There is no room for hate in love. What do you think of when I say these words together? Christian and gay. America and Osama bin Laden. Israel and Palestine. Democrats and Republicans. Hate and Hate. There is no room in love for hate and if we choose to cling to hate, the kind that often takes form in prejudice, slandering, and bitter envy, it is ourselves and the future generations that we hold back.
Can you imagine what our world would look like if the Palestinians and Israelis had ended their war thirty years ago? Or what if instead of seeking vengeance after September 11th and heading into Iraq, we as American’s chose to stand up and say “we forgive you”? What if in the 1980s Christians decided not to fear gays or blame the AIDS outbreak on their relations, but instead held out their arms and said “we love you”? On election day 2008, what if republicans stopped questioning a birthplace or cared what Barack Obama’s religion was and instead rose up and said “we will support you as our new leader”? Or turn this around… what would the Civil Rights Movement look like if Dr. King wasn’t a strong proponent of nonviolence?
These things could have shaped the course of history significantly in a different way. In this day in age, I’m starting to see lots of people rise up and question the status quo. Most of us have watched our own parents fight and drag each other to court. We are scarred with the hate that manifests itself as bitterness in those we love the most. And we fight hate daily because we know we have to; we are not exceptional to its’ pull. But we are wondering where it’s gotten us to hate our enemies. There’s a reason why justice doesn’t feel good, we say. It doesn’t feel good because we aren’t on earth to bring justice. There is one Mighty Ruler who will bring justice and we are not Him. Jesus Christ Himself said in John 3 that even He didn’t come to condemn the world. So, are we then called to? What if we decided to try to imitate Him and pour out all of our love instead?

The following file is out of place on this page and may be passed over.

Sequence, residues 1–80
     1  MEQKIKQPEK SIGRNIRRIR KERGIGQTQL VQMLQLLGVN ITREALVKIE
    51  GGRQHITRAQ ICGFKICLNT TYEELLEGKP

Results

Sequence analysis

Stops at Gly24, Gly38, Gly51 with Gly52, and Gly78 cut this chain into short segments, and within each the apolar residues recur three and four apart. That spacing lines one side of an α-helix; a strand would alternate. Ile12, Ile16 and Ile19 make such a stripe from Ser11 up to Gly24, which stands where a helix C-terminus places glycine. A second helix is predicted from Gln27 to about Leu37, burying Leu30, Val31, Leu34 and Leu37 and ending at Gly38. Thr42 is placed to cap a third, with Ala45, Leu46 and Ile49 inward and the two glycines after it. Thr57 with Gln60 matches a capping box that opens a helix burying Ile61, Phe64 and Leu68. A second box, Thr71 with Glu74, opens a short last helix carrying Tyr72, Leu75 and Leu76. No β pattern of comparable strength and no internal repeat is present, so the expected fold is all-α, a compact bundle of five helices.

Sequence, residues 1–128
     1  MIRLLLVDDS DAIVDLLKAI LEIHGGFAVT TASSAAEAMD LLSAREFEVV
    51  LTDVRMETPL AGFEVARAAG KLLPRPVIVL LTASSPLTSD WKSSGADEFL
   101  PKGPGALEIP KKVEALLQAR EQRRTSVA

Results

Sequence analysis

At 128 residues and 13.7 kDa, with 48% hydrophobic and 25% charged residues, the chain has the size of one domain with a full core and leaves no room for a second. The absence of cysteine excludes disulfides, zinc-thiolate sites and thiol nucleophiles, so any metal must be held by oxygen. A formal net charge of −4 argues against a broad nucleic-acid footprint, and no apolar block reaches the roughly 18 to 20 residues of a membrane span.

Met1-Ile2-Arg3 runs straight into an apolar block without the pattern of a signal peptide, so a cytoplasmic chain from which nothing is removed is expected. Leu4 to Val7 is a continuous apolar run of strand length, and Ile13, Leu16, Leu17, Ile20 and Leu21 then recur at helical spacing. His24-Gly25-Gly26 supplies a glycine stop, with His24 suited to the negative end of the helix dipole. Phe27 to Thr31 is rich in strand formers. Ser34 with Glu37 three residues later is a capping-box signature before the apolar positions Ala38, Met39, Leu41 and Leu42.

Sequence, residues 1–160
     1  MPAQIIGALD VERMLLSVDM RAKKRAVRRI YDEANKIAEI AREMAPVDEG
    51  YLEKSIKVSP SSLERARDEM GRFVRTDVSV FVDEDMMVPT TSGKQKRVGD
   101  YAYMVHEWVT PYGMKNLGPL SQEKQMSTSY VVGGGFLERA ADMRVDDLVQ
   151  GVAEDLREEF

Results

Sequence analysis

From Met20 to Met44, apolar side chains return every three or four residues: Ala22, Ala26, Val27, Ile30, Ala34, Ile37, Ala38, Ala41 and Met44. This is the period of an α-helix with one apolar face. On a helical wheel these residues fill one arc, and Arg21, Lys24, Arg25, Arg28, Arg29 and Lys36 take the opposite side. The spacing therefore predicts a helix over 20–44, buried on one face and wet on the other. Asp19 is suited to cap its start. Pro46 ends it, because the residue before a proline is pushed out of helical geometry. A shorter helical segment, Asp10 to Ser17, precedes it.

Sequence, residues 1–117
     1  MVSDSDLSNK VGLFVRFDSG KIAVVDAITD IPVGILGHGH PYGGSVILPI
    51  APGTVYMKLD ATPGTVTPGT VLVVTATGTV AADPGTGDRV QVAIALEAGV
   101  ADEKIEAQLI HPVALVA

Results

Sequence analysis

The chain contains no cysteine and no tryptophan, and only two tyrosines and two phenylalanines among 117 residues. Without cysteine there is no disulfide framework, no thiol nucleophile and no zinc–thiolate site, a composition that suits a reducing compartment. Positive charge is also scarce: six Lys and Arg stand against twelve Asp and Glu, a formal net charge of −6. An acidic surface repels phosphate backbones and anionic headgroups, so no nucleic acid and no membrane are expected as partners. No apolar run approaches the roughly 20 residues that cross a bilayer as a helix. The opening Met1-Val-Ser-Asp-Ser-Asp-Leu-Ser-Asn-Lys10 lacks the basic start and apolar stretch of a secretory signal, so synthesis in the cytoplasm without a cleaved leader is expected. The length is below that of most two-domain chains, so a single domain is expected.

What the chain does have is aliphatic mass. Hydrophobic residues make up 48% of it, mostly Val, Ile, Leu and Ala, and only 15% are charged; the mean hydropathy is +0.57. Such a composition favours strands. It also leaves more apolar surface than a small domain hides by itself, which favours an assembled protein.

There is no room for hate in love. But in our world, there is plenty of need for love. And friendship. And forgiveness. And breaking down barriers. And giving flowers to friends. And buying lunch for a stranger. And staying with our spouses. And opening our arms for embraces. And taking care of our parents. And loving. Though the actions we commit might or might not shape the world’s history, our actions will most definitely affect our children’s lives and the legacy at which their family has continued. They will speak to people we will never meet. And hopefully they will speak firmly for love. How will you speak for love in this world?